To Love a Rose: An Ethiopian Adoption Journal

Thursday, October 8, 2009

Labor Pains of the Heart

Outside is all misty and wet.  It has been a deluge all day; the same inside my heart...

I recently started reading the book Labor of the Heart by Dr. Kathleen Whitten, a psychologist and adoptive mom of a girl from Vietnam.  I've read lots of memoirs and personal accounts of adoption; so, I thought this was going to be a similar experience for me.  But Whitten is not just writing to remember or exorcise some necessary emotions of her own, she has written this book to help - better yet, force - the future adoptive parent to really evaluate his/her thoughts and emotions along the journey of adoption.

Honestly, upon reading the first chapter, I was almost angry.  Whitten is constantly referring to the sadness and loss of biological parenthood.  In a sense, it seemed that she was saying that adoption is only logically a last resort, not a first choice.  To someone like me, who is choosing adoption first, it was more than a little off-putting to hear the process stated in such a way.  Although Whitten obviously has a very specific point of view having herself been through several rounds of botched IVF, I think at first I was missing the more important themes that she was touching upon.

What really caught me were the discussions of sadness and grief, anger, guilt, shame, and fear.  Specifically, she is speaking to those who have had to come to terms with the loss of pregnancies (not only miscarriages, but perhaps even still births), loss of fertility, loss of hope, loss of options.  When all of these are taken away from you as a potential parent, I'm sure it's simply devastating.  But, still I was at a kind of loss - I'm choosing adoption first, I have no idea where my fertility stands.  It could be great, it could be in trouble, who knows?  My husband and I aren't trying to get pregnant; we're waiting for our adopted child.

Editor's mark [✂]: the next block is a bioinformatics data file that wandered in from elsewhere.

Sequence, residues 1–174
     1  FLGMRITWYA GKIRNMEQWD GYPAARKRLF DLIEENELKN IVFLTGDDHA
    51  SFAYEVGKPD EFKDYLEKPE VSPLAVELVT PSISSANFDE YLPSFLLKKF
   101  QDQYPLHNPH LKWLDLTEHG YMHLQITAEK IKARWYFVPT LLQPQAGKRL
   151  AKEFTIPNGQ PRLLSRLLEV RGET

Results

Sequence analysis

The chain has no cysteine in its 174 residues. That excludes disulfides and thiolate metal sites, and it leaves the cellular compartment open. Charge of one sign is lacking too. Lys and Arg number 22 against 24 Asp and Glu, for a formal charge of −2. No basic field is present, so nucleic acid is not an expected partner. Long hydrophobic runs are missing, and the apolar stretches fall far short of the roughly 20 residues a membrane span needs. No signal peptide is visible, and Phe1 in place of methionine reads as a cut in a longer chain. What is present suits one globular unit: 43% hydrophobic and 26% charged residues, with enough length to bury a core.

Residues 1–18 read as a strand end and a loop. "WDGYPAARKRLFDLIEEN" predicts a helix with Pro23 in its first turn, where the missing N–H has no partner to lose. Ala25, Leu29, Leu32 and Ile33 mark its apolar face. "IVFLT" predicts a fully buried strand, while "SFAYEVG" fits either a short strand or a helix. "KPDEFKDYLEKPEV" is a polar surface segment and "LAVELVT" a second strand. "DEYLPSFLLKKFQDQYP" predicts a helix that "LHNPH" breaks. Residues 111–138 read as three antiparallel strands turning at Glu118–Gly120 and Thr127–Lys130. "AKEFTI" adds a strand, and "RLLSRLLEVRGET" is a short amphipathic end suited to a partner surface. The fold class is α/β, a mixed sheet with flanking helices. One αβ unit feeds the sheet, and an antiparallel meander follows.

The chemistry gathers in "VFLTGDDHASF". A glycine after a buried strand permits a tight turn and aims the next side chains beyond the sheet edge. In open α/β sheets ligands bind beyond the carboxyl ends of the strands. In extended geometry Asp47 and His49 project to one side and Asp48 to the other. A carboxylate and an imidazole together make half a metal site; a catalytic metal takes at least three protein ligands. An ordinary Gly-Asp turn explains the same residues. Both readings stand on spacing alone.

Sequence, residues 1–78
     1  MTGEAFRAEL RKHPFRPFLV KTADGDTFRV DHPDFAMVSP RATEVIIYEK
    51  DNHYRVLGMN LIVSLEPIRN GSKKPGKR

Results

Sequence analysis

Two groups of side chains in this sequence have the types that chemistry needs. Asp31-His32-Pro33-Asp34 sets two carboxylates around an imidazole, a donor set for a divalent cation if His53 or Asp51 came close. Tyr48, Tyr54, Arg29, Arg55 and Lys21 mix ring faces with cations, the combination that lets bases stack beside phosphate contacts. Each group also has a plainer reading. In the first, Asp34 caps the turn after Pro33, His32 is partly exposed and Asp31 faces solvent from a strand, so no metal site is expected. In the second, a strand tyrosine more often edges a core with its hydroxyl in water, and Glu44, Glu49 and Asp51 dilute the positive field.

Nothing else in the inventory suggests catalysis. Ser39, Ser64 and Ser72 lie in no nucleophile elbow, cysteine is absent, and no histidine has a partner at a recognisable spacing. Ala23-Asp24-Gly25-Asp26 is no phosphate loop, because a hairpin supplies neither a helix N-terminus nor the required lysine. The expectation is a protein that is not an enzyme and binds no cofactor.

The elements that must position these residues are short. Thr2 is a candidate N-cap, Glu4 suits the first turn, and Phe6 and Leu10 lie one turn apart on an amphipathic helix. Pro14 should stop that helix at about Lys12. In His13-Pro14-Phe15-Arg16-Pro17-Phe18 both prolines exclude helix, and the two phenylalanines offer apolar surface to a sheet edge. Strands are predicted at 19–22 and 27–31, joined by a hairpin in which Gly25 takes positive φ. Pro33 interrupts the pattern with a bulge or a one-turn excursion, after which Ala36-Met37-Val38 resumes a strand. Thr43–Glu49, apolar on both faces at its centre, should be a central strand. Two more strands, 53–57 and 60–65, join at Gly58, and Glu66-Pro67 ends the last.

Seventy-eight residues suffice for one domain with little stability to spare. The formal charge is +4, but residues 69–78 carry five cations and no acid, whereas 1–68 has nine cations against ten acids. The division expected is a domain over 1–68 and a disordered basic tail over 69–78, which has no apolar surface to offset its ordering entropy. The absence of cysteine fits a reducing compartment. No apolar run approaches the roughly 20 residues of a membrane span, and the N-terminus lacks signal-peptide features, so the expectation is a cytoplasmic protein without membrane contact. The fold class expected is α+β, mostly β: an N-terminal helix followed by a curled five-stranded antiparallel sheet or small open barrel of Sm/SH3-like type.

I almost put the book down when I started reading about fear and anger.  It dawned on me, that although I'm not dealing with adoption in terms of loss like she and so many other women are; but that I still had so much to deal with emotionally when it came to grief and anger and fear and worry.

The problem with adoption is that often the people surrounding you don't know how to act or what to say or do.  This is a process that will at least take months and at most take years upon years.  When a woman is pregnant, you see her belly getting bigger, her clothes getting tighter.  Everything is affected in a very outward way - it's visible and tangible.

From the outside viewer, adoption is entirely internal.  I think this can be a very dangerous thing for potential parents.  It's stressful enough to be expecting a child, but imagine never having the comfort of a due-date, an ultrasound, or even (in many cases) a gender!  Forget about painting nursery walls and buying diapers, all of those variables could all change within a moment's notice!

While I read Dr. Whitten's words, I realized that I had been struggling with all of these things.  Not that I was having to grieve loss of previous pregnancy per se; but that I was angry with my situation and circumstances, because they were/are keeping me from my daughter.  Once I was truly able to be honest with myself, I could feel all of the emotions I had been bottling up for (literally) years overflowing in my heart.